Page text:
The non-native walnut twig beetle (Pityophthorus juglandis) carries a fungus (Geosmithia morbida) to trees in the Juglans species, including black walnut (Juglans nigra) causing Thousand cankers disease (TCD).
Thousand cankers disease kills black walnut, and Minnesota has approximately six million black walnut trees at risk. Black walnut is highly valued for lumber and veneer, with one to two million board feet of walnut harvested annually.
Trees are slow to show symptoms, and the disease can be present in a tree for seven years or more before flagging branches signal an infection. Although Minnesota has an exterior quarantine that prohibits bringing any black walnut (except processed lumber or wood products) originating in areas known to have TCD into Minnesota, monitoring black walnut for any symptoms is an important part of preventing the spread of TCD.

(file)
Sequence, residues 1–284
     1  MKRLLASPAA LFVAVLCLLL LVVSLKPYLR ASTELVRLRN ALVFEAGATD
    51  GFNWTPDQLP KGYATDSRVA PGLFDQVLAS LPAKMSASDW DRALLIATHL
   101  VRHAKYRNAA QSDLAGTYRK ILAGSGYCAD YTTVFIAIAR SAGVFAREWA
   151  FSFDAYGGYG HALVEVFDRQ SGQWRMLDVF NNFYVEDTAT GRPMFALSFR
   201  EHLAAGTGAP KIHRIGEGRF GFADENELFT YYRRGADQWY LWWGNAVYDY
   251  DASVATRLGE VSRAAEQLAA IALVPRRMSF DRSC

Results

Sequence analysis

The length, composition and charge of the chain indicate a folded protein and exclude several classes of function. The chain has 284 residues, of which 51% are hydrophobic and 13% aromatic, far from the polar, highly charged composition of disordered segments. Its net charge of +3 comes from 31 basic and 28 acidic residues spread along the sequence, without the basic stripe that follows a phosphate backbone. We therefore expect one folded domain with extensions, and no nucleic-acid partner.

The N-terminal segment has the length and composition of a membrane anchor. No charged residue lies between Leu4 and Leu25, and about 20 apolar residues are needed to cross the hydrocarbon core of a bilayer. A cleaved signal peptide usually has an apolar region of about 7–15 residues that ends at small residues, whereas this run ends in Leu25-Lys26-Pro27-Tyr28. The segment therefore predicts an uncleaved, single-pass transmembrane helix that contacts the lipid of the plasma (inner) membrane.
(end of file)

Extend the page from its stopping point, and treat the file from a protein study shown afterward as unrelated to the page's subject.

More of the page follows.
Black walnut with Thousand cankers disease
Photo: Whitney Cranshaw, Colorado State University, Bugwood.org
Walnut twig beetle
Photo: Steven Valley, Oregon Department of Agriculture, Bugwood.org
Black walnut branch with Thousand cankers disease
Photo: Mary Ann Hansen, Virginia Polytechnic Institute and State University, Bugwood.org